> naddi --fraction 1000000 1 100000 10 10000 500 <^D> 0.7966681475
> naddi --share --divide=10% --fizz 10 1 1 10 <^D> The top 10% corresponds to 51% of the value.
> naddi --help Usage: naddi [OPTIONS ...] [INFILE [OUTFILE]] Compute distribution index. -a --average sum, frequency and average of element values -dF[%] --divide=F[%] -e, -E and -s 'middle' Fraction (default 50%) -e --extreme minimum, 'middle', maximum element values -E --extreme-index minimum, 'middle', maximum element index -f --fraction distribution as fraction --formula print the distribution formula --fizz [--fizz] print --share verbosely -h --help this -oV --offset=V offset V for values for index computation -pN --precision=N precision N for calculations and output -s --share fraction of value until 'middle' -v[N] --verbose[=N] verbosity N (max 4) --version print program version Reads (sorted) pairs of numbers separated by whitespace. First number: a value, second number: its frequency.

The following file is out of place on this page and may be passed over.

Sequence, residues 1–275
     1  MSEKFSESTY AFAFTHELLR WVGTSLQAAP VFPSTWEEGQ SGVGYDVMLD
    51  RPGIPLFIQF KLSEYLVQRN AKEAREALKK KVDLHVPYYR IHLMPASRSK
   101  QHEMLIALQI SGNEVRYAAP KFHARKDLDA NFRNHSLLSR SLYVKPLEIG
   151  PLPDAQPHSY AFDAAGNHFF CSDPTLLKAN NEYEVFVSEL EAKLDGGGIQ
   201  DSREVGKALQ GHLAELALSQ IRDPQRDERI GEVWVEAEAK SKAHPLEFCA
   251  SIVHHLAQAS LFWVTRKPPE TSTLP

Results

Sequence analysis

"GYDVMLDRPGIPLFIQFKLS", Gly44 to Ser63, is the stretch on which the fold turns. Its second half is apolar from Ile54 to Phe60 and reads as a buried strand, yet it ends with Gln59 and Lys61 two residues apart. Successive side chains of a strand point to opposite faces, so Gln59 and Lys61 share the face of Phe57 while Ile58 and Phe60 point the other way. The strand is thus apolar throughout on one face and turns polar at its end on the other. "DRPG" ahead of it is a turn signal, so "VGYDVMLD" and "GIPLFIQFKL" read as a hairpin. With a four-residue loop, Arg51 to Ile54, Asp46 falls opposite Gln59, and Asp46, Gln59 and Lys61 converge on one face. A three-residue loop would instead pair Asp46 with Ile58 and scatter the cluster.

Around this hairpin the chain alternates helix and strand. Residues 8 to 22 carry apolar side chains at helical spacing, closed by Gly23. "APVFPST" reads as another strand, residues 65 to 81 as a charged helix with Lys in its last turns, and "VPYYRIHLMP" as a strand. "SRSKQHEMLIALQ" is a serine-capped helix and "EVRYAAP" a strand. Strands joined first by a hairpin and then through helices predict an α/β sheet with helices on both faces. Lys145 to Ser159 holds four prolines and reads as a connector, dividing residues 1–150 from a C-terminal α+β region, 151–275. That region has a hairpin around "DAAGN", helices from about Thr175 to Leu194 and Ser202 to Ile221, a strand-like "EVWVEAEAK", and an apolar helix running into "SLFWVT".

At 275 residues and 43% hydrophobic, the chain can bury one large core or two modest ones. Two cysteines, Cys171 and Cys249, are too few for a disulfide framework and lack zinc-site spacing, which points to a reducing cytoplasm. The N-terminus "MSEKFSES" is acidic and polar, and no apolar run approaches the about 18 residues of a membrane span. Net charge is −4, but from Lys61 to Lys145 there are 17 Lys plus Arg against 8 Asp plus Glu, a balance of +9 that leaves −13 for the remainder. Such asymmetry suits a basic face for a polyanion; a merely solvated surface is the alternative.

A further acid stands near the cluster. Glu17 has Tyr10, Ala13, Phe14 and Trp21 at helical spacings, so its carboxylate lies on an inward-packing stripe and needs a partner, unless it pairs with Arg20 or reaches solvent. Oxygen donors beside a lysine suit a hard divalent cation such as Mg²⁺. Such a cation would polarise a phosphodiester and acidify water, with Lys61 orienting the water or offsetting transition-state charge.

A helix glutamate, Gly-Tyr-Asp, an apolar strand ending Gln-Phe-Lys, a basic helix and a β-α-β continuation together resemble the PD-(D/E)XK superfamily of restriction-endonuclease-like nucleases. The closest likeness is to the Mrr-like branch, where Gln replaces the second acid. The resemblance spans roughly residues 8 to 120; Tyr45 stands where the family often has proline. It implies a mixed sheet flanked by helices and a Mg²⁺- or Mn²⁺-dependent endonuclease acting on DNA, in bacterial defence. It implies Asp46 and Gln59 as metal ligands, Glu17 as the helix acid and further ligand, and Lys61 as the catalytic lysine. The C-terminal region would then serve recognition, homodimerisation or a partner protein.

> naddi --formula Average-Data / Element-Data naddi = 2 * Sum { .5 ^ } / Total-Elements Average-Data = Total-Data / Total-elements Total-Data = The total of all data corresponding to all elements. Element-Data = The data corresponding to element N = 1, 2, 3, ..., N+1. Total-elements = The total number of elements. Element-Index *) = 0.5 ^ ( Average-Data / Element-Data ) Sum { ... } = The Element-indexes for each element, added together. Average-Index = Sum { Element-Indices } / Total-elements Normalized-Average-Data-Distribution-Index = 100% * 2 * Average-Index ( ^ means `power' ) *) Printed in verbose mode.